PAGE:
[0226] Unfortunately, MPEG-4's second dequantization process is not linear, as shown by Equation 9. Substitution of this inverse quantization in the first stage of the IDCT yields complex functionality where the clipping ranges also need to be adapted proportionally to the quantization parameter. This overhead counteracts the benefit of the reduction of multiplications in practical implementations. in [ i ] = { 0 if Qin [ i ] = 0 sign ( in [ i ] ) ( ( 2 · Qin [ i ] + 1 ) · QP ) if Qin [ i ] 0 and QP is odd sign ( in [ i ] ) ( ( 2 · Qin [ i ] + 1 ) · QP - 1 ) if Qin [ i ] 0 and QP is even ( 9 )

[0227] Note that Equation 9 is only valid for inter MBs and the AC coefficients of intra MBs.

[0228] Combine Coded Block Pattern with Value Motion Vectors

[0229] When an inter macroblock is coded but has zero motion vectors, some of its texture blocks can consist completely of zeros (coded block pattern is zero). In this special case, nothing has to be done, as the correct block is still in the frame memory. Table 5 and Table 6 list statistics regarding the number of macroblocks and blocks for the functionality and demo testbench respectively. Up to 55% of the inter blocks are not coded and have zero motion vectors. For blocks which are not coded, accesses to the (large) frame memory and the compensated block buffer can be saved.

[0230] VOP Memory Reduction

[0231] The macroblock based decoder uses two frame size memories; one to store the currently reconstructed VOP, and one containing the previously reconstructed VOP (used for motion compensation). Adding an output buffer of (width+2×16)×16×1.5 pixels to one VOP memory offers sufficient memory space to complete the decoding process.

[0232] After decoding a complete VOP, the result is available in the current VOP memory. At the next time instance, the data in the current VOP is old and contains the information for motion compensation. By temporarily storing the results of the current decoded MB in an output buffer (Buffer YUV, FIG. 17), the necessary data of the previous VOP can remain in the frame memory until it is no longer useful to the decoding process. Thus, the lower bound of this output buffer is determined by the motion compensation to width 16 + 2 macroblocks or ( width + 2 × 16 ) x16 × 1.5 pixels .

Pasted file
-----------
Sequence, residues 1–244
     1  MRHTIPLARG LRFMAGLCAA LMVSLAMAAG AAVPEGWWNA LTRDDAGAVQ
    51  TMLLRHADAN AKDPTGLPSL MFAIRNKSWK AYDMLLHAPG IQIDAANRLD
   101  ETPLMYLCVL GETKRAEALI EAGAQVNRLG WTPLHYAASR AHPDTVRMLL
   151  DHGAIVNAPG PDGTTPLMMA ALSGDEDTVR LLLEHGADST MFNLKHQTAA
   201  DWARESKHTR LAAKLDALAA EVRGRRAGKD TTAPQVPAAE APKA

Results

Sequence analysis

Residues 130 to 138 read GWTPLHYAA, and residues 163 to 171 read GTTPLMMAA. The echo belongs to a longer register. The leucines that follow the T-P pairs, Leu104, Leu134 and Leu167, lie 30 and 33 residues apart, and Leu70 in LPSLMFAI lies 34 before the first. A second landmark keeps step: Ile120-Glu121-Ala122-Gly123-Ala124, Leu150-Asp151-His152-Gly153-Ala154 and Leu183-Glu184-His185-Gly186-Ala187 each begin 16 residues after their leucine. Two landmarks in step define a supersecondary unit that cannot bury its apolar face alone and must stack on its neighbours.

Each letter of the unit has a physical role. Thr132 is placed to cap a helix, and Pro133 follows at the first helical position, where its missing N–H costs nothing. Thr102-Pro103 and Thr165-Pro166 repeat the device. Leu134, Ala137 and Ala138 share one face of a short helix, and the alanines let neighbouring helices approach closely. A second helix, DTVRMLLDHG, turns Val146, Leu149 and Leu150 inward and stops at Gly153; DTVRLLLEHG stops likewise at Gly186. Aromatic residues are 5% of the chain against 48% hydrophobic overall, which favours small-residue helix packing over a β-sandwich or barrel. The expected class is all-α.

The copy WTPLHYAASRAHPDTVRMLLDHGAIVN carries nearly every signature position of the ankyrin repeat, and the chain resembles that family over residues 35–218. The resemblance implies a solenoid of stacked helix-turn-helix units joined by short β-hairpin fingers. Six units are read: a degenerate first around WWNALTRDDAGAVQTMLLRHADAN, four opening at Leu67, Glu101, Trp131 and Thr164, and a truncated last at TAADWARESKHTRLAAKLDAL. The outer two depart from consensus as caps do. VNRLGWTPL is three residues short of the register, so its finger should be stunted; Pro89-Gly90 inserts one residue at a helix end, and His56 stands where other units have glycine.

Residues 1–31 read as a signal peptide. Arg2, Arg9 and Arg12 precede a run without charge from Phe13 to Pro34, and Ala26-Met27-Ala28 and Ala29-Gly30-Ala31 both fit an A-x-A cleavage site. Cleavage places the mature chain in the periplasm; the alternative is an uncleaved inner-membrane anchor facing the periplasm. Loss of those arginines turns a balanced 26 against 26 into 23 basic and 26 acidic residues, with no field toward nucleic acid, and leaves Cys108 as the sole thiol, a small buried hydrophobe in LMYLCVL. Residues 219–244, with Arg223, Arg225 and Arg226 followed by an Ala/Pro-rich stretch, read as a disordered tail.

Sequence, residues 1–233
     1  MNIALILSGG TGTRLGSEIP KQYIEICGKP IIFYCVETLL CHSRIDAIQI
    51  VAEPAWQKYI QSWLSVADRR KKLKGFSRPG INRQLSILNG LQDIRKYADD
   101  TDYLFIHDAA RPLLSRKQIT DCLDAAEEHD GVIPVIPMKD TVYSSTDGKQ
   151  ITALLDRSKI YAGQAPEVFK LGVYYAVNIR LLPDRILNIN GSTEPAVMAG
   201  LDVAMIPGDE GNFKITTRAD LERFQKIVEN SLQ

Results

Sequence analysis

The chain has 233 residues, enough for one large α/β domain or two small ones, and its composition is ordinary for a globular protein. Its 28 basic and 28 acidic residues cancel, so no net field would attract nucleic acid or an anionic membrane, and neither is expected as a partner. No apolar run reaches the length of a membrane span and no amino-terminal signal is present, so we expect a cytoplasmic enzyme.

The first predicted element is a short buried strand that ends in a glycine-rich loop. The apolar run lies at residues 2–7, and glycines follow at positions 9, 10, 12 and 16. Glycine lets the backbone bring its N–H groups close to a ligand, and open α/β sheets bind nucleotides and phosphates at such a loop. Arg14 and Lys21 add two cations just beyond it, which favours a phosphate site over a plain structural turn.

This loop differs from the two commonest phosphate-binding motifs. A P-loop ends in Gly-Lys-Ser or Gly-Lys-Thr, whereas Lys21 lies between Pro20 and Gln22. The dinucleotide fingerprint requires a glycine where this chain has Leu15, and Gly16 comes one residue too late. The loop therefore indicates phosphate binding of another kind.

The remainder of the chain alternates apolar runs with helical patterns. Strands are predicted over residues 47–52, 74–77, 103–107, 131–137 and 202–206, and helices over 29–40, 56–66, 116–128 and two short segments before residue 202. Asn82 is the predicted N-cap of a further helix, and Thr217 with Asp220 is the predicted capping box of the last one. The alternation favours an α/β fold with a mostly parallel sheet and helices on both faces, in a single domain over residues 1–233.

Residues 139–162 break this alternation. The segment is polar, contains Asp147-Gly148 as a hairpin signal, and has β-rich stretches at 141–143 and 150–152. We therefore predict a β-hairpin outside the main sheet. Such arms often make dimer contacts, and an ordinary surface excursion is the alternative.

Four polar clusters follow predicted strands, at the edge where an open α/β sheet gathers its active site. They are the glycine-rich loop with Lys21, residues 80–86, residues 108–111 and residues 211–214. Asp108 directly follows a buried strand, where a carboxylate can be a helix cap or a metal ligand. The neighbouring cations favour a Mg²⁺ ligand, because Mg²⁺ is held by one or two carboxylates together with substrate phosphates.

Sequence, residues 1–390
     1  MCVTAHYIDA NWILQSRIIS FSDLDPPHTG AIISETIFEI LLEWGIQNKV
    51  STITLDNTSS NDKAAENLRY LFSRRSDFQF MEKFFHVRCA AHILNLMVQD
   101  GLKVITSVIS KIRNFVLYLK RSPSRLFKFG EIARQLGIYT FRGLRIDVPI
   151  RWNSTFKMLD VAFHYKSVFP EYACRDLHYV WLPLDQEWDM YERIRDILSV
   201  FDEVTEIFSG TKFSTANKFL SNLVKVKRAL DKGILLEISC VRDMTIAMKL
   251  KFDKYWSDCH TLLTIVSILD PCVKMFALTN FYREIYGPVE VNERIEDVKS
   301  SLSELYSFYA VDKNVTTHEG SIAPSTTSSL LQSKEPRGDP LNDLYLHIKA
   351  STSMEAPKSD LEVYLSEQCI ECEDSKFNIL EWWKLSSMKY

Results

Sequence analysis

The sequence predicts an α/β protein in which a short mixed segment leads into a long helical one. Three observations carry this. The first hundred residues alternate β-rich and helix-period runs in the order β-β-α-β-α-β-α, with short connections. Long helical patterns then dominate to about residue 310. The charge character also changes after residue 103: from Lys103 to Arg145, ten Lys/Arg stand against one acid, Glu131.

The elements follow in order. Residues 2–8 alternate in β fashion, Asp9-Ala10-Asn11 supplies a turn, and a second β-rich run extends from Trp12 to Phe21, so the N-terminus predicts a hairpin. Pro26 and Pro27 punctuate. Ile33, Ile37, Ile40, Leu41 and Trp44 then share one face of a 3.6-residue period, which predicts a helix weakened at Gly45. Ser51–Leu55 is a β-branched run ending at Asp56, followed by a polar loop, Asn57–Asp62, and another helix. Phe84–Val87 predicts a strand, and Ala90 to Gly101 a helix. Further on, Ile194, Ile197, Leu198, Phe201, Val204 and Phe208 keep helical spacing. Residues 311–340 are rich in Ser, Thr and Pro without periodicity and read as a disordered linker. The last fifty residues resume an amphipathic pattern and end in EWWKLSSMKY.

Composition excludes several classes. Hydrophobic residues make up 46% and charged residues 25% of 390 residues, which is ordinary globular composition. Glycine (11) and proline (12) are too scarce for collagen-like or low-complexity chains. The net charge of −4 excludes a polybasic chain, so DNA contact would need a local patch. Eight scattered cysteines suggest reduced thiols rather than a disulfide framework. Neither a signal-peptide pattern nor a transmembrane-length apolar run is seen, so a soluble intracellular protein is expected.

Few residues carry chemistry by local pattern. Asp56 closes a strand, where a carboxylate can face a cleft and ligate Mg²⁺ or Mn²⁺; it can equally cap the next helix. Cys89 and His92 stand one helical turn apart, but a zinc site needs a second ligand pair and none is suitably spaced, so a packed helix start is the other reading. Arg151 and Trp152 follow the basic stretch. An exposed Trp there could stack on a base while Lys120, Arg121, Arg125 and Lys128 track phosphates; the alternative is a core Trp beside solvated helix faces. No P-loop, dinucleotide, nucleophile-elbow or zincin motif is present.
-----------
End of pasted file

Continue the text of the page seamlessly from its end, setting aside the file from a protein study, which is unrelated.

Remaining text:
[0233] In order to exploit the information of the coded macroblocks flag and the coded block pattern in combination with the motion vectors, an extra block pattern buffer is added. In this memory, a byte is assigned to each MB, storing some of its properties. The first six bits indicate whether the block of the macroblock in the output buffer has changed as compared to the old information in the frame memory. Access to/from the output buffer and to the frame memory can be saved in two cases: the block belongs to a not coded inter macroblock or the block (in a coded inter macroblock) has zero motion vectors and has no error data (coded block pattern zero).

[0234] From the above realization we can conclude in comparison with the VOP and MB-based approach that memory space for storage of pixel information of the data structure is foreseen, where the memory is capable of storing at most 2 image data structures. In a further refinement as shown in FIG. 13 a memory hierarchy with three memories, a first memory for storing a complete data image structure, another memory (buffer) capable of storing a plurality of blocks but less than one macroblock data structure; and a third memory, capable of storing one block data structure but less than two block data structures.